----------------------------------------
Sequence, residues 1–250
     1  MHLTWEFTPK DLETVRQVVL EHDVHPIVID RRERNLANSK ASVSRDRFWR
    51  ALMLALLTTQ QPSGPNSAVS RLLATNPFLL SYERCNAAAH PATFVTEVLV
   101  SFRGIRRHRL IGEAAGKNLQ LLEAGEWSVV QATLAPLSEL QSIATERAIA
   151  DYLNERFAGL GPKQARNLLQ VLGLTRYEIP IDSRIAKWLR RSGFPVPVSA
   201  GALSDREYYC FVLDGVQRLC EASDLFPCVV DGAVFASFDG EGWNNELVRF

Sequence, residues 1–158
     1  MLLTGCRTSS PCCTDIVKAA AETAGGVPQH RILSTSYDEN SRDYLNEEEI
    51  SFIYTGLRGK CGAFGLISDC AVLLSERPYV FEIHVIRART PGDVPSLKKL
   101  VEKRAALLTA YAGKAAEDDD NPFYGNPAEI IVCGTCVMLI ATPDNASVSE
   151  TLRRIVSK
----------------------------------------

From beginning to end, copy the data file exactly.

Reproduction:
Sequence, residues 1–250
     1  MHLTWEFTPK DLETVRQVVL EHDVHPIVID RRERNLANSK ASVSRDRFWR
    51  ALMLALLTTQ QPSGPNSAVS RLLATNPFLL SYERCNAAAH PATFVTEVLV
   101  SFRGIRRHRL IGEAAGKNLQ LLEAGEWSVV QATLAPLSEL QSIATERAIA
   151  DYLNERFAGL GPKQARNLLQ VLGLTRYEIP IDSRIAKWLR RSGFPVPVSA
   201  GALSDREYYC FVLDGVQRLC EASDLFPCVV DGAVFASFDG EGWNNELVRF

Sequence, residues 1–158
     1  MLLTGCRTSS PCCTDIVKAA AETAGGVPQH RILSTSYDEN SRDYLNEEEI
    51  SFIYTGLRGK CGAFGLISDC AVLLSERPYV FEIHVIRART PGDVPSLKKL
   101  VEKRAALLTA YAGKAAEDDD NPFYGNPAEI IVCGTCVMLI ATPDNASVSE
   151  TLRRIVSK